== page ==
by George J Elbaum
Temple Israel is the second oldest congregation in the Boston area, and the largest Reform congregation in New England. Founded in 1854 in Boston, its long history follows the rise of the local Jewish community. The Temple Israel Archives serves as the repository for records, documents, publications, and images relating to the history and administration of Temple Adath Israel of Boston. These records document the congregational history and provide primary source material to assist the clergy, staff, and members of the synagogue.
Although Yom Hashoah falls on April 18 this year, the 18th falls during the April 2023 school spring break in Massachusetts so the Temple scheduled its commemoration ceremony another day, in this case for the 10th,, so students and their parents could attend it, and I was invited to participate in this ceremony and tell my story of surviving the Warsaw Ghetto and the Holocaust. (I welcomed speaking on April 10 as it is a memorable date for me: it was the date of Yom Hashoah in 2010 when I gave my very first talk about my Holocaust childhood at the ceremony organized by MIT, my alma mater, at the Holocaust Memorial in downtown Boston.)
Today’s ceremony at Temple Israel was attended by approximately 90 synagogue members, guests and children, with people joining both online and onsite. The evening started with a memorial service led by the Temple’s clergy, then transitioned to my presentation followed by a Q&A.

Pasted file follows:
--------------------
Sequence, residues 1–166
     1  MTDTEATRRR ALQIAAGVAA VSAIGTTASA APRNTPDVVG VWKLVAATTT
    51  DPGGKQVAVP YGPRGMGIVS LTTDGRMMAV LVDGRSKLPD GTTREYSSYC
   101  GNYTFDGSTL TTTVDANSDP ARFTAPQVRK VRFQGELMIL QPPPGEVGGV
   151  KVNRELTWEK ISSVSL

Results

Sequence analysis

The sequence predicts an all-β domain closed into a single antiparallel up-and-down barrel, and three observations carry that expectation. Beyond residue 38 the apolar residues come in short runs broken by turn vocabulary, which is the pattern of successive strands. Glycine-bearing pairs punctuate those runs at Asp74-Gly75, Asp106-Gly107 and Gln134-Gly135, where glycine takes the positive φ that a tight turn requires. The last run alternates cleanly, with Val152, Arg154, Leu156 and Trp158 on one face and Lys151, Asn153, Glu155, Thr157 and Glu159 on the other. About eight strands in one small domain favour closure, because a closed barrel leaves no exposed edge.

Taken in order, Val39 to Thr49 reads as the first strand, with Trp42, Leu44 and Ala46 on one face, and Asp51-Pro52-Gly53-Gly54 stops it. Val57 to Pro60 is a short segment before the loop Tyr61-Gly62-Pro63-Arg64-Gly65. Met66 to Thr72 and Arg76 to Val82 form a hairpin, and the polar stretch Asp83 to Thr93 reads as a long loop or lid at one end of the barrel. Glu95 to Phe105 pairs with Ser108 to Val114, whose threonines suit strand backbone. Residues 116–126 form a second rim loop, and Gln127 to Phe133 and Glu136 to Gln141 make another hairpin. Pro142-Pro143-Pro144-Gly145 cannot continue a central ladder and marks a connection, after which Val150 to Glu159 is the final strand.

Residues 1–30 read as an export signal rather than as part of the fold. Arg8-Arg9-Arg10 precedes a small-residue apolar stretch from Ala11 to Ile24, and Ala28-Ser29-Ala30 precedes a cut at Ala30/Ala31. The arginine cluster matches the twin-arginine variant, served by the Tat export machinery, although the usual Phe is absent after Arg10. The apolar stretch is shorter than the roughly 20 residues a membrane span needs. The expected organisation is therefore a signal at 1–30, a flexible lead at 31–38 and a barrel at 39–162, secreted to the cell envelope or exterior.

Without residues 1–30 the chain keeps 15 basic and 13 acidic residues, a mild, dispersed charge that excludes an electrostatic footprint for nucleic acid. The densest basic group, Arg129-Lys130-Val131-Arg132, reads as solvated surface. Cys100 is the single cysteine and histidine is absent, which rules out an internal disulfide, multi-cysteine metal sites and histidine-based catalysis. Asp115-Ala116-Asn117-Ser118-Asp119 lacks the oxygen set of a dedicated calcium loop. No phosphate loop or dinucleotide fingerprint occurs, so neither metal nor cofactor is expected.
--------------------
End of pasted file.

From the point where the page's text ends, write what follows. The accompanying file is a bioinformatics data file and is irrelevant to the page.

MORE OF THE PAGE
My presentation was organized by Brigid Goggin, Director of Programs and Community Engagement, and Roberta (Bergstein) Axeloons, Director of Elementary Education, and my participation was arranged by Jeff Smith of Facing History and Ourselves.
Notes from students
Five weeks after my talk at Temple Israel I received in the mail an envelope containing a dozen brief notes handwritten on blank paper from students attending the event, some with small decorations such as the Star of David and signed with the student’s name and “7th grade, Temple Israel.” One note in particular truly impressed me with its power and that student’s sensitivity and awareness of what’s important, all encapsulated in the note’s first and last sentences:
“Thank you for being able to retell and share your story……. Thank you for never giving up, never collapsing in a dangerous situation and impossible time, but most of all, thank you for never forgetting.”
Temple Israel, Boston